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Confucius Institute

A Confucius Institute will soon open on campus, expanding opportunities for UT students and others to learn Chinese, experience Chinese culture, and travel abroad.

Confucius Institutes are non-profit public institutions run in cooperation with Chinese partner universities and overseen by Hanban, a Chinese Ministry of Education subsidiary. They typically offer for-credit and non-credit Chinese language courses, sponsor cultural activities, and help local schools provide more education about China.

UT is partnering with Southeast University in Nanjing, one of China’s oldest universities and one of its most highly ranked universities in scientific research and development. A US university needs a Chinese university partner before it can apply for an institute.

Chancellor Jimmy G. Cheek said the institute will enhance undergraduate and graduate education—key goals in the university’s Top 25 journey.

“Having a Confucius Institute at UT will provide a multitude of opportunities for us,” he said. “It will let us increase our Chinese language instruction and offer more cultural activities. This fits perfectly into our Ready for the World goal to equip our students with the experience and knowledge they need to live and work in a global environment.”

Pia Wood, associate provost and director of the Center for International Education, said the Confucius Institute will open the door for more student exchanges. It also will allow UT to expand its outreach to the local community through cultural activities and travel opportunities for Knoxville-area residents who want to learn more about China firsthand.

“And we may be able to provide help for area high schools that want to expand their Chinese education offerings,” Wood said.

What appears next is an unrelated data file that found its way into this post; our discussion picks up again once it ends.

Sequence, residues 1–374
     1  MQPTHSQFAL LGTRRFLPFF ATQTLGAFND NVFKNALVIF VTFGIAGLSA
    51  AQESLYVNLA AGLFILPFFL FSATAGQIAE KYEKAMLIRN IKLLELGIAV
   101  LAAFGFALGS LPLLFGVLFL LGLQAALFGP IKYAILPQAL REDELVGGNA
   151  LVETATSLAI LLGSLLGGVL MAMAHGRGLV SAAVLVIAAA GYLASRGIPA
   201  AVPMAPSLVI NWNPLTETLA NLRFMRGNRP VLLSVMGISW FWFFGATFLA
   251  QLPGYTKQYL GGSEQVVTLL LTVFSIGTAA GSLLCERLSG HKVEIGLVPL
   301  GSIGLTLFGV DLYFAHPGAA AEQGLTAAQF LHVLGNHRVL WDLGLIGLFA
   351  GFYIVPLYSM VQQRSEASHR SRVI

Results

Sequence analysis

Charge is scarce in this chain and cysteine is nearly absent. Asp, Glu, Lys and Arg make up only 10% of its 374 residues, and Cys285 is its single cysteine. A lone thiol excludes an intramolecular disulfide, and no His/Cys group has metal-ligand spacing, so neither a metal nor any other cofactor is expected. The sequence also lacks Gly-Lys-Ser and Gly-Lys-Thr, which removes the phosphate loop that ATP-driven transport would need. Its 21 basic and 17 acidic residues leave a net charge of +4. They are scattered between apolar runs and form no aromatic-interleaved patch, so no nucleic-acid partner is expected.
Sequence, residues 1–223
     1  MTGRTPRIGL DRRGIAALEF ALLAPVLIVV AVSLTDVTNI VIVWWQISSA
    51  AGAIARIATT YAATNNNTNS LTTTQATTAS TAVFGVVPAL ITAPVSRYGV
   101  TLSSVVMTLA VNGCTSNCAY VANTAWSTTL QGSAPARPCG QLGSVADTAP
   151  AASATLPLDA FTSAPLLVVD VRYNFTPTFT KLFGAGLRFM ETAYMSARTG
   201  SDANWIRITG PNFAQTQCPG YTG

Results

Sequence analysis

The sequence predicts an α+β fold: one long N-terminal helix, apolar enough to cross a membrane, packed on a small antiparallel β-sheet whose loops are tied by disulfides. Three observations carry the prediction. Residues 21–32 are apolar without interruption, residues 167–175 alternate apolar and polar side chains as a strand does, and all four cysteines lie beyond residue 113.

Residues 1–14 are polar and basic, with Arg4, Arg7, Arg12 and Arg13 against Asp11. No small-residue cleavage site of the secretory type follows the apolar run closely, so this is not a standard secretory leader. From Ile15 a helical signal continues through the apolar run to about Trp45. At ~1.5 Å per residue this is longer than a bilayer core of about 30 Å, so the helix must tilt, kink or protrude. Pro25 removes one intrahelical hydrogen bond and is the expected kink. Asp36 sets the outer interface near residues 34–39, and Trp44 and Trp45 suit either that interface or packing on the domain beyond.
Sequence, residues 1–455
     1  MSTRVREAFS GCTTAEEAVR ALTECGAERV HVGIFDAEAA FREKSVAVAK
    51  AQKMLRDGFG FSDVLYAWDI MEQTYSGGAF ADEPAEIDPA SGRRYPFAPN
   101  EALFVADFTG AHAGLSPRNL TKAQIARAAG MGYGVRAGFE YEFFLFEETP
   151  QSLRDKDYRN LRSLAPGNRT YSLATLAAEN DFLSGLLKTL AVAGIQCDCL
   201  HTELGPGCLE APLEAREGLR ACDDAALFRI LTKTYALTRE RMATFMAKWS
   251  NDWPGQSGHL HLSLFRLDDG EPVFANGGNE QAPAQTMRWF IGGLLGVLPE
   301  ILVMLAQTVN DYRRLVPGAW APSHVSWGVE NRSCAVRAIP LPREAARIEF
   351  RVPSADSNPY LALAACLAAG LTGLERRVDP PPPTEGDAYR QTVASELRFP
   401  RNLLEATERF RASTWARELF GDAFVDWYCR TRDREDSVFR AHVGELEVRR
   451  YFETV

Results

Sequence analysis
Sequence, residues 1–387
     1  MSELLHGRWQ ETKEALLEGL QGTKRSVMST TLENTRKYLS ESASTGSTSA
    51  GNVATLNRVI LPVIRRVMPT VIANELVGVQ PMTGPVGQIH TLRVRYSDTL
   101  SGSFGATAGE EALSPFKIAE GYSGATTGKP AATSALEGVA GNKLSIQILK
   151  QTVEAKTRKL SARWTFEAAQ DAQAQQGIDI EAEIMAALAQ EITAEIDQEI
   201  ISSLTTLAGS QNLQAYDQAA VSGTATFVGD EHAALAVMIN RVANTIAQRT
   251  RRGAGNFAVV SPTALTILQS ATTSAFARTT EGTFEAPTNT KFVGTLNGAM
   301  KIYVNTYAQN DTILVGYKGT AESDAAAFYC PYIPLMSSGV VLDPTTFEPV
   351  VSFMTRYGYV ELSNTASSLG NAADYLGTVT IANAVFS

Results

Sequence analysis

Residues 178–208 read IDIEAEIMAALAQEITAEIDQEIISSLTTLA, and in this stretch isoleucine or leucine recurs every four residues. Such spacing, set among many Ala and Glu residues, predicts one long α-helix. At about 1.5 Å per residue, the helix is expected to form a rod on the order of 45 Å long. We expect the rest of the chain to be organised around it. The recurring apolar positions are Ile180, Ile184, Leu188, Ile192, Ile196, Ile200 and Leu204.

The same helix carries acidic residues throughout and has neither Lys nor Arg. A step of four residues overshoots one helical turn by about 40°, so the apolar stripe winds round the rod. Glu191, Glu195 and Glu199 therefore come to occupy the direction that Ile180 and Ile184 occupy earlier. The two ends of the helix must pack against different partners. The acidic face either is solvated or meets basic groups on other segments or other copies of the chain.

Wood said UT spent nearly two years laying the groundwork to open the Confucius Institute, and a group of faculty and administrators have gone to Beijing to sign the agreement.

Representing UT in China are Susan Martin, senior vice chancellor and provost; Scott Poole, dean of the College of Architecture; R.J. Hinde, associate dean and chemistry professor; Masood Parang, associate dean and engineering professor; Pia Wood, associate provost and director of the Center for International Education (CIE); and Alisa Meador, assistant director of CIE. Three UT representatives currently working in China also may be in attendance: Shih-Lung Shaw, geography professor; Yang Zhong, political science professor; and Guoxun Chen, assistant professor of nutrition.

An inauguration ceremony is planned later this year for UT’s Confucius Institute. Officials from Southeast University, Hanban, and the Chinese embassy will be invited, as well as state and local dignitaries.

UT’s Confucius Institute will be the third in Tennessee.

There are now Confucius Institute at more than 300 colleges in more than ninety countries, including about seventy institutions in the United States.

The first US Confucius Institute was established in 2004 at the University of Maryland. Among the universities that have Confucius Institutes are Columbia, Stanford, and the universities of Alaska at Anchorage, Delaware, Hawaii at Manoa, Kansas, Massachusetts at Boston, Minnesota, New Hampshire, Texas at Dallas, Toledo, and Utah; Portland, Kennesaw, San Francisco, and Wayne State universities; and the State University of New York.

C O N T A C T :

Amy Blakely (865-974-5034,